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Chart of the week: Cocoa

Author: ICAEW Insights

Published: 02 May 2024

Our chart this week looks at the price of cocoa, which has been popping as shifting weather patterns have caused harvests in Ghana and Côte d’Ivoire to collapse.
COTW 2 may

Developments in international commodity markets can often seem only distantly connected with everyday life, but for us chocolate lovers the quadrupling in the cocoa price since the beginning of last year is causing concern, not just about how much we will have to pay for our favourite sweet treat, but whether our next fix might be in jeopardy.

Our chart this week skips over the just 65% increase in the one-month London cocoa futures price from £2,060 per metric ton at the end of 2022 to £3,399 at the end of October 2023 to focus on the last six months, during which the price has soared to record highs.

As the chart illustrates, the price had stabilised at around £3,400 to £3,600 per tonne between 30 October 2023 when the price was £3,399 per tonne, to 8 January 2024 when the price dipped to £3,381. The price has increased rapidly since then, up to £5,454 per tonne on 28 February, to £8,370 by 2 April before zigzagging up to a peak of £10,173 per tonne on 19 April. The price came down to £8,418 per tonne on 28 April 2024 (or just under £8.42 per kilogram) as buyers scaled back purchases in the light of lower spot prices, as well as concerns about the ability of suppliers to meet scheduled delivery commitments.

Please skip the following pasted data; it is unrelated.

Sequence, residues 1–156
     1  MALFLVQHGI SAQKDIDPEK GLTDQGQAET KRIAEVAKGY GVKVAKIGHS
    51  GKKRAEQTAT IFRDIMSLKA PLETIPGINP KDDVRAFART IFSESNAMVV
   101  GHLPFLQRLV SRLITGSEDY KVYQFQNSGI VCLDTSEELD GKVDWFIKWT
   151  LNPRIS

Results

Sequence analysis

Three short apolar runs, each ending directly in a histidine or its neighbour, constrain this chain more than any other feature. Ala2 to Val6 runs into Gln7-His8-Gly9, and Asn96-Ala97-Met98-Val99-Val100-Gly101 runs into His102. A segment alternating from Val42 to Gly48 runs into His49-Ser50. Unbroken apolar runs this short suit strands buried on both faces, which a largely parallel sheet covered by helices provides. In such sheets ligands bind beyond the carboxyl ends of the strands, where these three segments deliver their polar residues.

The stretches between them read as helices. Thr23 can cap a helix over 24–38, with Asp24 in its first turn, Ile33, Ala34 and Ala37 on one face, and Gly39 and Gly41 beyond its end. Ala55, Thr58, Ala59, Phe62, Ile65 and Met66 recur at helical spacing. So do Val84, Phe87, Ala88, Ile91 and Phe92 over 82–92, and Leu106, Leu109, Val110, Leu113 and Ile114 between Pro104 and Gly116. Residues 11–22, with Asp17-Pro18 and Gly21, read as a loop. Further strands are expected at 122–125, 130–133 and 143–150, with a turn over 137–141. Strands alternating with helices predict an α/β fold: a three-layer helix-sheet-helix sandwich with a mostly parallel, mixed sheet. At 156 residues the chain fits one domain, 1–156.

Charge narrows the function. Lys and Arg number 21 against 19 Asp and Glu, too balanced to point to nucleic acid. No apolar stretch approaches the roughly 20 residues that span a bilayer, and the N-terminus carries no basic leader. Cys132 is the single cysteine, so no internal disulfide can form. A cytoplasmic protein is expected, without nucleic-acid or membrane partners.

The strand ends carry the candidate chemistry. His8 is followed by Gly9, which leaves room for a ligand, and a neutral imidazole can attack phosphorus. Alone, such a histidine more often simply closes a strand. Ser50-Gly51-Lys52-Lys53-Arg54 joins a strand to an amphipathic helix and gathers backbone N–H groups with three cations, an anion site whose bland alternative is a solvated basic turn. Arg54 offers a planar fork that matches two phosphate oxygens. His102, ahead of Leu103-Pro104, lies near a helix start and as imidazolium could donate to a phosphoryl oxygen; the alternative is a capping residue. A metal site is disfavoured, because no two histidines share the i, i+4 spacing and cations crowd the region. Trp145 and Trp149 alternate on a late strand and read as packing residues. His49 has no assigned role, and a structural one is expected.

The rapid rise in prices has been driven by poor harvests in Ghana and Côte d’Ivoire, the two largest producers of cocoa as drier weather, hotter temperatures and shifts in rainfall patterns have all adversely impacted growing conditions. With poor harvests expected to continue and limited options for alternative supply in the near-term, global cocoa prices are unlikely to come back down any time soon.

This has of course fed into the cost of chocolate, with the UK media reporting that Easter eggs cost 50% more this year than in 2023, while our favourite chocolate treats are much more expensive than they were.

One consolation – at least for the Bank of England’s Monetary Policy Committee – is that chocolate constitutes less than 0.6% of the consumer price inflation index, meaning that even if chocolate inflation continues to accelerate, it shouldn’t stop the overall inflation level from coming back down to target in the coming months.

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